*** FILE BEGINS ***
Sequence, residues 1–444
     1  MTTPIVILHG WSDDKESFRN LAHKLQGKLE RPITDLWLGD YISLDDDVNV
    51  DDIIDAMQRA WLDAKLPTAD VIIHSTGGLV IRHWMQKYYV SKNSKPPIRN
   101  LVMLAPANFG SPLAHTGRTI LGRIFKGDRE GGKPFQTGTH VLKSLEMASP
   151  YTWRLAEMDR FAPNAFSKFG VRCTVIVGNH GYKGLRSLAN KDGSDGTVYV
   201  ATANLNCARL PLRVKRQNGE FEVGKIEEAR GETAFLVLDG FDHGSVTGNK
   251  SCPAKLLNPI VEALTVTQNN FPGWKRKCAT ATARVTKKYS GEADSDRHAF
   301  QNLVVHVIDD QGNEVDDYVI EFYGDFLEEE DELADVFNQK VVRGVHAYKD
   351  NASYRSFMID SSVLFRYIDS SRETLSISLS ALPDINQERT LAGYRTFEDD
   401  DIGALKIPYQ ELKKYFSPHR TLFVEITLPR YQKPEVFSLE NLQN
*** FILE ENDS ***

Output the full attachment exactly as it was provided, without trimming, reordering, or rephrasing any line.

Sequence, residues 1–444
     1  MTTPIVILHG WSDDKESFRN LAHKLQGKLE RPITDLWLGD YISLDDDVNV
    51  DDIIDAMQRA WLDAKLPTAD VIIHSTGGLV IRHWMQKYYV SKNSKPPIRN
   101  LVMLAPANFG SPLAHTGRTI LGRIFKGDRE GGKPFQTGTH VLKSLEMASP
   151  YTWRLAEMDR FAPNAFSKFG VRCTVIVGNH GYKGLRSLAN KDGSDGTVYV
   201  ATANLNCARL PLRVKRQNGE FEVGKIEEAR GETAFLVLDG FDHGSVTGNK
   251  SCPAKLLNPI VEALTVTQNN FPGWKRKCAT ATARVTKKYS GEADSDRHAF
   301  QNLVVHVIDD QGNEVDDYVI EFYGDFLEEE DELADVFNQK VVRGVHAYKD
   351  NASYRSFMID SSVLFRYIDS SRETLSISLS ALPDINQERT LAGYRTFEDD
   401  DIGALKIPYQ ELKKYFSPHR TLFVEITLPR YQKPEVFSLE NLQN